I like the way Grant talked about “Chumash country,” and I find his book, supplemented by other updated literature, a window to the depths of the Chumash world. The Chumash had a very advanced culture with the wisdom of astronomy, artistic talents in making rock art (possibly a graphic writing system), technology and skills to make long-distance tomol crossing, knowledge of ocean navigation, and concepts of currency, but all these have been mostly wiped out by colonization. If Chumash already had currency and exchanged goods with Tongva and other neighbors and long-distance friends, how did they record all the events and tell each other their tribal histories? Looking at the rich oral literature of the Chumash and Tongva mythologies, legends, and folktales, partially recorded, I can’t help wondering, Where were the Chumash Homer and the Tongva Homer? Vanished in colonization? The revival of Indigenous languages and cultures can be louder, like a real movement, as in the 1960s. (Back in my home country, I have found poets of very small, almost never-heard-of languages who can recite poems in their Indigenous mother tongues such as Mulao, Hani, Buyi, Shui, Naxi, Li, Zhuang, Kam, Yao, Bai, Tai, De’ang, Daur, Lisu, She, Jingpho, Xibe, Wa, and Dônđäc.)

When I was going to the Los Angeles Times Festival of Books as a registered journalist from China, and then as a friend on Steve Wasserman’s guest list in his last two years as the chief, I was always amazed by the huge crowds but sometimes wondered why some publishers would go to New York City to announce their new titles. To me, Los Angeles can be as “cultural” as any other place if it sees its own literary and artistic traditions.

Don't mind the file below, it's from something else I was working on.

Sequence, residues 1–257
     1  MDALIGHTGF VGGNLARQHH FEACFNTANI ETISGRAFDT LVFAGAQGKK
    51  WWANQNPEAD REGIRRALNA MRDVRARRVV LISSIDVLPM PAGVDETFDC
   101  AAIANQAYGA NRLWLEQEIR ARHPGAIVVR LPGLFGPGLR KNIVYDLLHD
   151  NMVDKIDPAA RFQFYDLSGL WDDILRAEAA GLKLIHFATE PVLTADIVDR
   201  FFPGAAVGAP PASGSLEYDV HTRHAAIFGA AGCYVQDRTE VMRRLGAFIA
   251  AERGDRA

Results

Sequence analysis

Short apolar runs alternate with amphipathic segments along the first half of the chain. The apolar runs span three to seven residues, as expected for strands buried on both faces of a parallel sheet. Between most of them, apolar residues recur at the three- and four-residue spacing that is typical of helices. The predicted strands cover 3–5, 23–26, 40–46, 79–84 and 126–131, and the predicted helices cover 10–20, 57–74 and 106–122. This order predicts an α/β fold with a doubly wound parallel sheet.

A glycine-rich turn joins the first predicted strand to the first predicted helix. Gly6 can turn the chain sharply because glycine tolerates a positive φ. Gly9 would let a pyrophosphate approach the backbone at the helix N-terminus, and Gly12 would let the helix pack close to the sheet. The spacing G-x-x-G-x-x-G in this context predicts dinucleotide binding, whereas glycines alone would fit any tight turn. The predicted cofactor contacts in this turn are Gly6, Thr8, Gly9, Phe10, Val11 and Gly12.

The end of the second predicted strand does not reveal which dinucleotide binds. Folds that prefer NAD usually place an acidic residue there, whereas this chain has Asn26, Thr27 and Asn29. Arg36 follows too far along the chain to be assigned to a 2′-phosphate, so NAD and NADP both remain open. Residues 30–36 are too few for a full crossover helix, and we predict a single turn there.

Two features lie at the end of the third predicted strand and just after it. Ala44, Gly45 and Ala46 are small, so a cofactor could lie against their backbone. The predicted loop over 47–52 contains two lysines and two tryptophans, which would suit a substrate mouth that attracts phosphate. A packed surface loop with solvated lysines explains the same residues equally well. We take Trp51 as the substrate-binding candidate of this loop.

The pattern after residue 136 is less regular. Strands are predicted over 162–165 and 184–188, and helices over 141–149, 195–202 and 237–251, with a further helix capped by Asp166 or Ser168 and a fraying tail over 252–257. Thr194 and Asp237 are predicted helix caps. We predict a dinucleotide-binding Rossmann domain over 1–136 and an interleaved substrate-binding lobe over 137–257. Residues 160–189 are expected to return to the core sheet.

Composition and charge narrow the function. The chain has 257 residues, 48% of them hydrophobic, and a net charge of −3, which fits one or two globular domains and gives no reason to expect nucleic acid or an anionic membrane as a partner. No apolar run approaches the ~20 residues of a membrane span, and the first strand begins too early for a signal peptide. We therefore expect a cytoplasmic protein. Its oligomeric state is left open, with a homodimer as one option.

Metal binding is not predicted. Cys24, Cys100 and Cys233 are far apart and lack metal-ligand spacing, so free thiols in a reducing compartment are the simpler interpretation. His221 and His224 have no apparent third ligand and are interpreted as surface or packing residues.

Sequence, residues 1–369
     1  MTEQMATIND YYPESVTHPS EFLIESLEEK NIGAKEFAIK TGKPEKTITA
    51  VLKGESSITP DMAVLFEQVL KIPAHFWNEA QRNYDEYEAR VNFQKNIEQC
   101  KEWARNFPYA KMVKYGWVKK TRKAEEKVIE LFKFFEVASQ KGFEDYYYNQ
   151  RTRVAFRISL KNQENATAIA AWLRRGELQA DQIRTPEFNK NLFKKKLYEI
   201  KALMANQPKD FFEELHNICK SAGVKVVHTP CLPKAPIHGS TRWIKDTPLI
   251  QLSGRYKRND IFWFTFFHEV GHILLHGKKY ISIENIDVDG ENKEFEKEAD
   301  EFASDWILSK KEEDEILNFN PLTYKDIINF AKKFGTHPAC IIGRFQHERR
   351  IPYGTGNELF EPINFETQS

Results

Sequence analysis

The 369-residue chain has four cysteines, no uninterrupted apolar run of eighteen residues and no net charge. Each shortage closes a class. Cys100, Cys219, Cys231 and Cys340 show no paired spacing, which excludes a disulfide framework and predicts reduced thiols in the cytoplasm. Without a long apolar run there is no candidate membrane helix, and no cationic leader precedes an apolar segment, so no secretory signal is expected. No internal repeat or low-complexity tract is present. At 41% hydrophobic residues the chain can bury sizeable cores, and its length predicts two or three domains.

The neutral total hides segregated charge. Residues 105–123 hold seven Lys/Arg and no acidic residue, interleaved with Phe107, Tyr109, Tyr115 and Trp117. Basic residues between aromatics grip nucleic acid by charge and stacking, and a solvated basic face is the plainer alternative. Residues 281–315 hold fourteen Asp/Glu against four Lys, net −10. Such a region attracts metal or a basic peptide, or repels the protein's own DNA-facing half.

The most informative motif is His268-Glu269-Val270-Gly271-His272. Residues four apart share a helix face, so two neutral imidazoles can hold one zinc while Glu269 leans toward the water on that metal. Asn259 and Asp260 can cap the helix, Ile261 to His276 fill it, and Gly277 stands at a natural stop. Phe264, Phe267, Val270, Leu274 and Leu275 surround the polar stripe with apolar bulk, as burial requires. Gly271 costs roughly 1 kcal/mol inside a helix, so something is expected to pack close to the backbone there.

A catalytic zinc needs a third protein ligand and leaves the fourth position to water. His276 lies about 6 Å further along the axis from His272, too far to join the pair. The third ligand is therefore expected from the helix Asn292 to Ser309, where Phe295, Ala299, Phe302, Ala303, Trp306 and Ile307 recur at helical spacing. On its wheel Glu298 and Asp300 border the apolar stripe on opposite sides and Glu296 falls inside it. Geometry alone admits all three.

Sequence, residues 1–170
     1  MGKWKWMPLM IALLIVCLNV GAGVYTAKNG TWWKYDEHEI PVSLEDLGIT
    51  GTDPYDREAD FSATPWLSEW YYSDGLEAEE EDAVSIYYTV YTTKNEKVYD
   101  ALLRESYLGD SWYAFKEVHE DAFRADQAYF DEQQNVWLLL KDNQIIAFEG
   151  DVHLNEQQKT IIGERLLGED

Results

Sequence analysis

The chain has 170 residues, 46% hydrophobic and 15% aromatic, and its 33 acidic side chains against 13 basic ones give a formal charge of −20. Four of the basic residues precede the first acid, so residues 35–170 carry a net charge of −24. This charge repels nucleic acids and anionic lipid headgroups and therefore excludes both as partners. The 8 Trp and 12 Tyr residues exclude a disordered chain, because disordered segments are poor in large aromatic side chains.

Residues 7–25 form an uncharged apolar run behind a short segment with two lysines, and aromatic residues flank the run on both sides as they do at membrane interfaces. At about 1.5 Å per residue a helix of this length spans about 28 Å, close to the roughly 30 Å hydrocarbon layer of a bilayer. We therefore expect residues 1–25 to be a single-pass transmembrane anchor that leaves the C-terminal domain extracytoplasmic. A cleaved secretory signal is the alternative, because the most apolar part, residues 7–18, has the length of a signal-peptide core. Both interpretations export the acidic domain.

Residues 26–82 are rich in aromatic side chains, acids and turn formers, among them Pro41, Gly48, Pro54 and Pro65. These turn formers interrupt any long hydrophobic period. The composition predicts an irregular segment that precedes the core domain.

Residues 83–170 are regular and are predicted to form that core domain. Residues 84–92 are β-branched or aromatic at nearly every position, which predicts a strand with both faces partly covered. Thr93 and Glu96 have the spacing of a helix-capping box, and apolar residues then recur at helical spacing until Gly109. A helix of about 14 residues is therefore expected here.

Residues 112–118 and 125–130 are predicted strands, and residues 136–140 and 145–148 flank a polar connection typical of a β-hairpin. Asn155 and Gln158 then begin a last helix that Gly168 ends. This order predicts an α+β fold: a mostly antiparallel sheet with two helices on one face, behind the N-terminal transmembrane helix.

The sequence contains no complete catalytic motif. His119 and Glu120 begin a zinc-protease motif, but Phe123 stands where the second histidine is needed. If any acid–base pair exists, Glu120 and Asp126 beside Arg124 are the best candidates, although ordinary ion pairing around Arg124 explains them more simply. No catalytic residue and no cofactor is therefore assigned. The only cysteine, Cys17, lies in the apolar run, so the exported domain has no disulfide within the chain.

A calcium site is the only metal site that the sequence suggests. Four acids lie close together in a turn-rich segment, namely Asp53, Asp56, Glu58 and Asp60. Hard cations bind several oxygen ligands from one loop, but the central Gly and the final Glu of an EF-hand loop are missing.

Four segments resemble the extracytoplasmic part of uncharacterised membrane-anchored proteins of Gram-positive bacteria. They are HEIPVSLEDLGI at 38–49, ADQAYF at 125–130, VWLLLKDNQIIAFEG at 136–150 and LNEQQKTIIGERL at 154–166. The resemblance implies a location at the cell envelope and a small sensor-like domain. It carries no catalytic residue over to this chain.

I learned about the Pickwick Bookstore as Susan Sontag’s favorite and read about how she met Thomas Mann, who lived in Los Angeles as an exile. The Thomas Mann House is only a few minutes away from Malibu beach, the Chumash land where “mountains meet the sea” (in Chumash). Six miles from Thomas Mann’s house is Villa Aurora, a German artists’ residence. Jan Wagner showed me around when he was a resident there in 2015. It has a beautiful ocean view facing Catalina Island, which Tongva people inhabited. Thomas Mann and Bertolt Brecht on the wall with Chumash and Tongva people by the window—very surreal, but that seemed to be what Los Angeles had meant to me. If what’s Los Angeles today was shared by Chumash and Tongva and many other tribes, it can be now shared by immigrants from anywhere, natives and drifters alike, permanent or temporary residents alike. But most bookstores in Los Angeles have targeted readers. The Last Bookstore is one of the few exceptions.

From my new home, every morning I see Chumash Homers and Tongva Homers walking along Wilshire Boulevard with Thomas Mann, Christopher Isherwood, Susan Sontag, Eileen Chang, Jack Hirschman, Charles Bukowski, Wanda Coleman, Viet Thanh Nguyen, and many others, like the highway networks of Los Angeles, even though each leads in a different direction.

Born in Los Angeles of Italian and Mexican descent, Dana Gioia is an internationally acclaimed poet and writer. The first person in his family to attend college, he received degrees from Stanford and Harvard. Former California Poet Laureate and chairman of the National Endowment for the Arts, his most recent collection is Meet Me at the Lighthouse (Graywolf, 2023).

Ming Di is a Chinese poet based in the US. The author of seven books of poetry in Chinese and one in collaborative translation, River Merchant’s Wife (2012), she has compiled and co-translated New Cathay: Contemporary Chinese Poetry, Empty Chairs: Poems by Liu Xia, The Book of Cranes, and New Poetry from China 1917–2017. She has also co-guest-edited three issues of Mānoa. For her translation of English poetry into Chinese, she received the Lishan Poetry Award and the 10+ Translator Award in 2021 in China.